Ford certainly pressed all the right g buttons with the Mustang, but had the good fortune to get some unintentional help from rivals Chevrolet and Plymouth. The Ford Falcon - introduced as a 1960 model following the success of the Rambler American and the demand for a cheap compact car - proved an immediate winner, taking up most of the spare production facilities left over from the Edsel debacle. The Chevy Corvair and Plymouth Valiant also entered this marketJ sector, but a combination of radical rear-engined configuration (Corvair) and quirky styling (Valiant) gave the Falcon a distinct advantage. Ford were also able to utilize the compact's underpinnings in a way that was impossible for Chevrolet to do with the Corvair, and although Plymouth had a similar idea with the Valiant-based Barracuda their offering lacked the Mustang's glamor. As the US economy started to improve in the early Sixties, customers began to ask for better performance from the smaller models and the auto makers were happy to oblige - after all, luxury and extra horsepower options meant more dollars! But though the uprated Falcon Futura Sprint and Corvair Monza models were acceptable, they didn't really satisfy the younger generation of affluent car buyers' demands for a true sporty compact that was just that little bit different from the usual run-of-the-mill Detroit products. Whenever the history of how the Mustang came into being is discussed, one name always gets top billing - Lee lacocca. Described as "The Father of the Mustang," lacocca had the energy and foresight to get the project underway and the determination to see it through, even when Ford's top management kept refusing to approve the construction of such a car. Several Ford concept cars came under consideration for inspiration when the design parameters were being set, but the most logical choice seemed to be for a snappy little four-seater based on the Falcon platform. Before this, Ford stylists John Najjar and Jim Sipple came up with a sleek two-seater roadster body that was dubbed Mustang and, powered by mid-mounted V4 engine, was demonstrated by Dan Gurney at the 1962 US Grand Prix. Although an interesting vehicle which contained several styling cues that would find their way onto the production version, Mustang I didn't really fulfil the requirement that lacocca and his committee had laid down. Further design development work was needed and this culminated in an internal competition between the Ford Studio, Corporate Advance studio and Lincoln-Mercury. The proposal presented by the Ford Studio team, headed by Joe Oros, Gail Halderman and David Ash, was unanimously chosen as the winning design, and this was eventually turned into a running prototype in 1963 called Mustang II, which is generally acknowledged as being the forerunner of the production Mustang. lacocca set the launch date for the Mustang as April 17 1964 at the New York World's Fair but, just over a month before that, the Motor City press were allowed an "accidental" sneak preview when Walter Ford (Henry Ford l!'s nephew) drove a pre-production Mustang convertible to a lunchtime meeting in downtown Detroit. The photos were quickly circulated to other magazines and newspapers and the corporate publicity machine swung into action to keep interest at a fever pitch until the official debut. Pandemonium broke out wherever the Mustang went on sale and there are many stories of the chaos caused by Ford's new car - some of which had little foundation in fact, but it all added to the hype. Not that the Mustang needed much hyping -dealers couldn't write up the orders quick enough and it took only four months to reach 100,000 sales - a total which had been earlier forecast for the first twelve months! Demand was at such a pitch that the Ford assembly plants at Dearborn, Michigan and San Jose, California were working flat out to keep pace. Early in the summer, a third plant at Metuchen, New Jersey was brought on-stream and ran around the clock pumping out Mustangs. While it was clear that the Ford designers had created a car totally in tune with the times, a major contribution to the Mustang's popularity was the extraordinarily low base price of $2,368 f.o.b. Detroit for the coupe model. This was the price that Ford pushed in its advertisements, but it only bought the standard straight six engine with three-speed manual transmission - the big news was the lightweight V8 available at extra cost. And it was the extensive options list that provided the opportunity for each owner to transform a docile, if stylish, standard specification automobile into anything from a grand tourer in the classic mold to a tire-shredding hot rod. This incredible variety of choice was even more surprising when you remember that, underneath the bodywork, most of the mechanical components came directly from the old Falcon. It also meant that although the Mustang was aimed at younger drivers, ownership was opened up to anyone -there was no such thing as a typical Mustang buyer. They ranged from eighteen to eighty, and the car was equally welcome at the country club, fashionable restaurant and church, as at the local drive-in or drag strip. That remains true today. What achieved such a broad spectrum of appeal? There's no doubt that the classic sports car "long-hood, short-deck" proportions set the right image, and the Mustang name evoked connotations of everything positive about the American way of life - but most of all it was about timing. The Mustang was simply the right car at the right time. Arriving at the precise moment when speed and performance were becoming major selling points as the "muscle car" era took off, even parked by the side of the road, a Mustang had the look of motion that Lee lacocca had appreciated when he first saw the clay mock-up presented by Joe Oros. The term "pony car" came to represent a new class of automobile, which Ford called "the family man's sports car" in its adverts, and one that remains in use even today. And although the Mustang is still in production, the "Mustang generation" (a description first used by a California real estate developer in a sales brochure promoting apartments for young singles) belongs to the Sixties. The Beatles brought pandemonium to the streets of New York when they arrived in February, and Lyndon Johnson's landslide victory to retain the presidency over Barry Goldwater in November was seen as a vote to unify the nation but, in 1964, the one thing that all generations of Americans were united about was their love of the Mustang. And the streets and highways were filled with them. Specification FORD MUSTANG (PRE SEPT '64) Engine Cast iron - 6 Cylinders in line Displacement 170 cu. ins Bore and stroke 3.5x2.94 ins. Horsepower 101 Body styles Hardtop coupe; Fastback coupe; Convertible coupe No. of seats 4 Weight (lbs) 2,583 Ibs-2,789 Ibs Price $2,372-$2,614 Produced 121,500     Specification FORD MUSTANG CONCEPT CAR Engine V8 - cast iron block Displacement 289 cu. ins Bore and stroke 4.00 x 2.87 ins. Horsepower 270 Body styles Sports roadster No. of seats 2 Weight (lbs) - Price - Produced 2     Specification IMPERIAL CROWN SEDAN Engine V8 - cast iron block Displacement 413 cu. ins Bore and stroke 4.18x3.75 ins. Horsepower 340 Body styles Hardtop sedan No. of seats 6 Weight (lbs) 4,970 Ibs Price $5,581 Produced 14,181     Specification CHEVROLET CORVAIR MONZA CONVERTIBLE Engine 6 Cylinders horizontally opposed Displacement 164 cu. ins Bore and stroke 3.44x2.94 ins. Horsepower 95 Body styles Convertible coupe No. of seats 4 Weight (lbs) 2,555 Ibs Price $2,492 Produced 31,000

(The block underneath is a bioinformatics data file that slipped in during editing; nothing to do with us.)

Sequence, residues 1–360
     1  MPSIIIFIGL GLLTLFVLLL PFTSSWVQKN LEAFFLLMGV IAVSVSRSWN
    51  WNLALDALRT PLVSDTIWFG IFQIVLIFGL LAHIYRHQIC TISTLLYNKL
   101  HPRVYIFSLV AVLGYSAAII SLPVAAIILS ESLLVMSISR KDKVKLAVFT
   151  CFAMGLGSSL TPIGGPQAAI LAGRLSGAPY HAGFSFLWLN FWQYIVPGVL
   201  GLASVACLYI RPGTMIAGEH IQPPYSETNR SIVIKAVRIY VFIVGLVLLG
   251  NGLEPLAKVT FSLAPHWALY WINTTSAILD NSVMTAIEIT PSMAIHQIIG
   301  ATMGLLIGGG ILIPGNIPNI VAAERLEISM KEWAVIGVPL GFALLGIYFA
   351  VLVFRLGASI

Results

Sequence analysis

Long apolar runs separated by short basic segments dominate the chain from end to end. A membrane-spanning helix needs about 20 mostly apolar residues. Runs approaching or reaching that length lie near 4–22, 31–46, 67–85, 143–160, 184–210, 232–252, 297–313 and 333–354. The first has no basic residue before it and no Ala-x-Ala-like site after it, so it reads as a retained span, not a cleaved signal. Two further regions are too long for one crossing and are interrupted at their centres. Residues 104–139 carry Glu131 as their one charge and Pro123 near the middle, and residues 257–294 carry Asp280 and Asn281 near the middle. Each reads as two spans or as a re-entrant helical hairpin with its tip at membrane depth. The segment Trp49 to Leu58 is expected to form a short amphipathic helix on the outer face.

This article comes from Free Vin Check, Get Vehicle History Report, Free Car History, Used Car History, Auto History, Free Vehicle History, VIN Number Check, Car History, Lemon, Check
http://www.is-it-a-lemon.com

The URL for this story is:
http://www.is-it-a-lemon.com/modules.php?name=News&file=article&sid=45